There is a note below about the Souza show, and the Dr. Lonnie Liston Smith’s performance was a beautiful run of long, deep grooves (both at the Carver in San Antonio). And now we’ve seen Peter White, an early heavyweight in the smooth jazz arena that followed a career in pop music whose highlights included playing with Al Stewart (where I last saw him perform live). It was a very good show.
The intro act was a young trumpet player, Gabriel Johnson, clearly influenced by Miles Davis and the source of much-spirited debate that evening. There were four of us at the show, all with an appreciation for both traditional jazz as well as the smoother variety. After Johnson finished his set, the first question posed was, “Where was the improvisation?” There were solos, but no improvisations. This thread of conversation wove through the evening’s performances. Yeah, where was the stuff that doesn’t fit on a checklist? There wasn’t any. This didn’t make the show any better or worse, just obviously different from the other two, we’ve seen this year.
And this, we agreed, was due to this being a “show” and not a concert. Which likely speaks to the headwinds causing the popularity of traditional jazz to slow precipitously. The Peter White show was a near sell-out, making a comparison to the two concerts at the Carver something of an embarrassment. Both offered brilliant musicianship and terrific music. Yet with Johnson and White, the audience was offered an awful lot of familiar pop tunes performed to a jazz cadence with a bright light show and – my only complaint with the evening – far too many opportunities to “sing-along” with old favorites like Roberta Flack’s classic, Feel Like Makin’ Love. It was a carefully choreographed performance, not unlike a rock concert.
But it can’t just be that the songs were more familiar in the smooth venue. Souza, in particular, also played some well-known music. As did Miles Davis throughout his career, covering music from Porgy and Bess to Michael Jackson. And Miles was well represented in the set played by Gabriel Johnson, including a number from, well, Porgy and Bess. The difference between Souza and Johnson simply came down to a script. Souza’s band left the sheet music on the ground and played long segments of well-worn music that was not easily recognizable. Nobody colored outside of the lines at the Peter White show. There is room for both styles of jazz, but we shouldn’t underestimate just how different they really are.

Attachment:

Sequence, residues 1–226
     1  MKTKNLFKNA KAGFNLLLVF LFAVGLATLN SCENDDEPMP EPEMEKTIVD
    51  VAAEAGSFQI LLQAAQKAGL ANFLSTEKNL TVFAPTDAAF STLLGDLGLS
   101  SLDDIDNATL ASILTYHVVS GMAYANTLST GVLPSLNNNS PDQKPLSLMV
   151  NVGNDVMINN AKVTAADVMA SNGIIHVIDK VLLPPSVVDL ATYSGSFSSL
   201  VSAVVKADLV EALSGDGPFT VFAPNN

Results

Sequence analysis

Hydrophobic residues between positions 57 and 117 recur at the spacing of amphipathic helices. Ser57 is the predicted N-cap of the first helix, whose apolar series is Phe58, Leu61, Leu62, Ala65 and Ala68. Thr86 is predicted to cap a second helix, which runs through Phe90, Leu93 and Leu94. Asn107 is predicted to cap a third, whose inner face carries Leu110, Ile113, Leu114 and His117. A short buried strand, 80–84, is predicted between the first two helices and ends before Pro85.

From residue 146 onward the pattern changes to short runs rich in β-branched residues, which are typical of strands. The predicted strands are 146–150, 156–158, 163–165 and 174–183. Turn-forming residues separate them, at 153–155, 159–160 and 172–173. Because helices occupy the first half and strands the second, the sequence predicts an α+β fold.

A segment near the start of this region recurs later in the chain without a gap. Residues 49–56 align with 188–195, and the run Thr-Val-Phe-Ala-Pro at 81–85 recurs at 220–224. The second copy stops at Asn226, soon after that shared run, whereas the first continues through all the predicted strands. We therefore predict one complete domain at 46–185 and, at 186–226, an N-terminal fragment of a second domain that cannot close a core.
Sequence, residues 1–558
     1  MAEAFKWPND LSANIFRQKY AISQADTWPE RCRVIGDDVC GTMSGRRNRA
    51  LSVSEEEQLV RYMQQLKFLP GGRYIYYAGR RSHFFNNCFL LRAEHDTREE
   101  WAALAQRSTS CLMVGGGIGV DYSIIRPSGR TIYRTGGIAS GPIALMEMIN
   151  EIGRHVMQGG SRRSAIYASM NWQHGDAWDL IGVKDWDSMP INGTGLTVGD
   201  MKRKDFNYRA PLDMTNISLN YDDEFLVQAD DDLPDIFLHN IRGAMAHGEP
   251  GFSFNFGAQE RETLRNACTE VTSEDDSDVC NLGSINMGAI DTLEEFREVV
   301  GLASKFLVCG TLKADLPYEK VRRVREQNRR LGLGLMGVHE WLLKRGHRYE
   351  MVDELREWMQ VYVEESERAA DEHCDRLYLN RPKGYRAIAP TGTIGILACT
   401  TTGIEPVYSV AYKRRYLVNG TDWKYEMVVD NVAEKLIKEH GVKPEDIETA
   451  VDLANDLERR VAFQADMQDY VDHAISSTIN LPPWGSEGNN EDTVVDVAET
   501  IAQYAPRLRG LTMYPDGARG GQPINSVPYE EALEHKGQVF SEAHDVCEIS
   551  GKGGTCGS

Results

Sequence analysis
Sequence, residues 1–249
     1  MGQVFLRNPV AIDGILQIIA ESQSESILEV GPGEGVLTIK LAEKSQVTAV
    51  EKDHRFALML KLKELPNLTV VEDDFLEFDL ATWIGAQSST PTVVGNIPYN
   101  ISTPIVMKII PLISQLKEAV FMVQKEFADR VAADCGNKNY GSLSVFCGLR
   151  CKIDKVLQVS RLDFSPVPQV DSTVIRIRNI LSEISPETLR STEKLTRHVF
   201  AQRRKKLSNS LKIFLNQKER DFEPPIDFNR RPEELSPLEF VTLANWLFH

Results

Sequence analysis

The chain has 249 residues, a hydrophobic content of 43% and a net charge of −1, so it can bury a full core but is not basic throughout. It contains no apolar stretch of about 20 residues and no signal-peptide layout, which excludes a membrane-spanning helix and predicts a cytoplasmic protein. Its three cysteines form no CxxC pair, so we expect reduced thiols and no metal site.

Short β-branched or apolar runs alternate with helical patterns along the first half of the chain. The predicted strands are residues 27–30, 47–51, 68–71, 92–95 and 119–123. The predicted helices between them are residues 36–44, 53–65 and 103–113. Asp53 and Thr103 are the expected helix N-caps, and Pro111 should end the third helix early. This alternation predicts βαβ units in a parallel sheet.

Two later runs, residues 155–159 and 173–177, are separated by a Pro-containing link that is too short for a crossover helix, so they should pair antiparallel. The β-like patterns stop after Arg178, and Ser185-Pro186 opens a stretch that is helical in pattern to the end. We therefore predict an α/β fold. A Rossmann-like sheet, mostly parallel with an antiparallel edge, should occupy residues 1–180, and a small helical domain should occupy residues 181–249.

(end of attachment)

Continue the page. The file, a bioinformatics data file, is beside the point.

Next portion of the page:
In the end, it would seem the current crop of jazz aficionados aren’t so interested in being challenged when listening to music. During my time managing a jazz radio station, I experienced two uncomfortable realities. The first was the majority of the jazz musicians I interacted with – both local and national – had a very cavalier attitude about the audience. There was a distinct tendency for the artist to expect the audience to appreciate whatever moved them during a performance. To the point that I had to remind musicians during performances, they were not playing the flavor of music that had been advertised.
Perhaps more importantly, a majority of listeners at the jazz station wanted to hear what they already knew and liked – or at least something familiar. This flies in the face of how so much great jazz was originally conceived. There are those who argue that the decline of jazz began when individual players began to take precedence over music where the orchestra ruled. Sorry, I don’t agree or appreciate that we seem to have come full circle.